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Waxed - Record Review from Issue #1 Fall 1995

Geraldine Fibbers – Lost Somewhere Between the Earth and My Home

The Geraldine Fibbers’ debut makes ears bleed. It also makes synapses explode and brains fry. And that’s a good thing. Not since Grant Lee Buffalo’s first outing in 1993 has an L.A. band been able to take on the roots and tweak it into something so completely, utterly original. Imagine a less-cerebral (if only slightly) [...]

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Waxed - Record Review from Issue #1 Fall 1995

Chris Gaffney – Loser’s Paradise

Loser’s Paradise ain’t groundbreaking, ain’t gonna be heard on country radio and might not even be heard outside of one’s own CD player, but I’ll be damned if I don’t go back to it time and time again. There’s something so pure, small and intimate about Chris Gaffney’s latest that makes it irresistible to anyone [...]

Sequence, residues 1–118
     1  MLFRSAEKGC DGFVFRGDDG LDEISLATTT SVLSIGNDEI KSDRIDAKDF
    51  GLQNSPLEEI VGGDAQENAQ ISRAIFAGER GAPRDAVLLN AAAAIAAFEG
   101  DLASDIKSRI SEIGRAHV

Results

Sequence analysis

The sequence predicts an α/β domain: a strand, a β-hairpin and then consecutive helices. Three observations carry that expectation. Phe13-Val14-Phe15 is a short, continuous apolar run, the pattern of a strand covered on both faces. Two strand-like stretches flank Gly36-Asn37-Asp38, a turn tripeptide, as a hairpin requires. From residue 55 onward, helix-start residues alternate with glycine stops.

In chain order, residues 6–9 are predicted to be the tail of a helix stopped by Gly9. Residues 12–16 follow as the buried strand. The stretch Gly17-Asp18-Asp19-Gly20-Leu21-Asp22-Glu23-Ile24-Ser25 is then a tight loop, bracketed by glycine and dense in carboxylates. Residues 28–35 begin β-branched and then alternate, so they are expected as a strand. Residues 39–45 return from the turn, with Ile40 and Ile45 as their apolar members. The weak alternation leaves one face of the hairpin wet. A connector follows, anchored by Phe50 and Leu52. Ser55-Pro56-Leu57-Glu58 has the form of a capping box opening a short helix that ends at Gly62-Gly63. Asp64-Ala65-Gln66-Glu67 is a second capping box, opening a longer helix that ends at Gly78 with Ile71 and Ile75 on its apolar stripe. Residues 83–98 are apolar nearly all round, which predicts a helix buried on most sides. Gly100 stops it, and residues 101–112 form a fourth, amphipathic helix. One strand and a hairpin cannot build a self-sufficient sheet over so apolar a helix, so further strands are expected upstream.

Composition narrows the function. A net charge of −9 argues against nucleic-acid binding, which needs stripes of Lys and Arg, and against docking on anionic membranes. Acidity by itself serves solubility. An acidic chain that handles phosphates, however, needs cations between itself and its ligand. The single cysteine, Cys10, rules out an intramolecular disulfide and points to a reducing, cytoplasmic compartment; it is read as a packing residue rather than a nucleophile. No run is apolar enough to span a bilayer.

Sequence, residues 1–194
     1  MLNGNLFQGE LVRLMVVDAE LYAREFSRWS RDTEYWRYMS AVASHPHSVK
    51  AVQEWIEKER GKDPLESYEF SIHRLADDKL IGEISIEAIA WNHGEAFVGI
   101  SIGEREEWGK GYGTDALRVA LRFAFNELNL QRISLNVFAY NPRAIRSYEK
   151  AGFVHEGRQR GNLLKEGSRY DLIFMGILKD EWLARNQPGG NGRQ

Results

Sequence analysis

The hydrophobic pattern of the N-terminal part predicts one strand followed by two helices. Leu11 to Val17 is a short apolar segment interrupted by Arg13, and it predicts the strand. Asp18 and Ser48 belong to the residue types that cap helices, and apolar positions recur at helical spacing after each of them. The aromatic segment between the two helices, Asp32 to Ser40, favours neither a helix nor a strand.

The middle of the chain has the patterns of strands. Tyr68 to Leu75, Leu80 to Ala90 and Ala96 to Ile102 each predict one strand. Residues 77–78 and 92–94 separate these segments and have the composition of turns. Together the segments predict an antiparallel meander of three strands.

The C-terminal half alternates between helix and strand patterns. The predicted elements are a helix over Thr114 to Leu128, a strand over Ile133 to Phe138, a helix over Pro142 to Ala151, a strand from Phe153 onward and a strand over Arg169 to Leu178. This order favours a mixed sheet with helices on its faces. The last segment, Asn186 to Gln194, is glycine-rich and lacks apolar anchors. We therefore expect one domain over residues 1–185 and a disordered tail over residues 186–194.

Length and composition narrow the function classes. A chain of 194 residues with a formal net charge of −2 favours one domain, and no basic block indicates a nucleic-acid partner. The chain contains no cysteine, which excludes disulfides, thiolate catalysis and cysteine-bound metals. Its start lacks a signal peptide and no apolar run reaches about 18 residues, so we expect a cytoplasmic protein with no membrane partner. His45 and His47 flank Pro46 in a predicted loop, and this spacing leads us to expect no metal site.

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From the Blogs

  • Rod Kennedy (1930-2014) and the Kerrville Folk Festival - Interview & Remembrance
    Rod Kennedy’s legacy is incalculable for those who truly love music, he departed this earthly plane on Monday 14th April 2014. R.I.P. The following “warts and all” late May 1986 interview with Mr. Kennedy, the founder of the Kerrville Folk Festival, was the lead feature in the debut issue of the Kerrville Kronikle fanzine sometime around 1988. No serendipity […]
  • Lydia Loveless - Somewhere Else (Album Review)
    I’ve heard a lot of really unique descriptions of Lydia Loveless's new album, "Somewhere Else".  It’s always X + Y that supposedly equals a new sound.  None of them seem to capture the essence of the record for me.  On Loveless’s Facebook page, her sound is described as “Loretta Lynn and Patti Smith slamming shots at a Midwestern dive bar whil […]